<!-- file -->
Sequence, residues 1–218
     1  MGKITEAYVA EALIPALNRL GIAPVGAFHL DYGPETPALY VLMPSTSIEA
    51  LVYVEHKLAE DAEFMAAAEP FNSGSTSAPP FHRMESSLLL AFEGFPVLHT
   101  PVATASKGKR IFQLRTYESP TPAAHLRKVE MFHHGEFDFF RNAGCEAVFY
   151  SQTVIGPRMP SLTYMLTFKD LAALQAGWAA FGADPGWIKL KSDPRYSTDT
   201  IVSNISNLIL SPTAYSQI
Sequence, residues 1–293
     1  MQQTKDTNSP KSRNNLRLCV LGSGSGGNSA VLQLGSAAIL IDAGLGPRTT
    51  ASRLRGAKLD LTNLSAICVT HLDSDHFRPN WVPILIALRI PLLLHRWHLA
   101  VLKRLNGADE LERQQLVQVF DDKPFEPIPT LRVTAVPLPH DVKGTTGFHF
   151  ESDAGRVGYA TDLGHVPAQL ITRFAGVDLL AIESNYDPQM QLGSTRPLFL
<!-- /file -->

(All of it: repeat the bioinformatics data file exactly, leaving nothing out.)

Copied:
Sequence, residues 1–218
     1  MGKITEAYVA EALIPALNRL GIAPVGAFHL DYGPETPALY VLMPSTSIEA
    51  LVYVEHKLAE DAEFMAAAEP FNSGSTSAPP FHRMESSLLL AFEGFPVLHT
   101  PVATASKGKR IFQLRTYESP TPAAHLRKVE MFHHGEFDFF RNAGCEAVFY
   151  SQTVIGPRMP SLTYMLTFKD LAALQAGWAA FGADPGWIKL KSDPRYSTDT
   201  IVSNISNLIL SPTAYSQI
Sequence, residues 1–293
     1  MQQTKDTNSP KSRNNLRLCV LGSGSGGNSA VLQLGSAAIL IDAGLGPRTT
    51  ASRLRGAKLD LTNLSAICVT HLDSDHFRPN WVPILIALRI PLLLHRWHLA
   101  VLKRLNGADE LERQQLVQVF DDKPFEPIPT LRVTAVPLPH DVKGTTGFHF
   151  ESDAGRVGYA TDLGHVPAQL ITRFAGVDLL AIESNYDPQM QLGSTRPLFL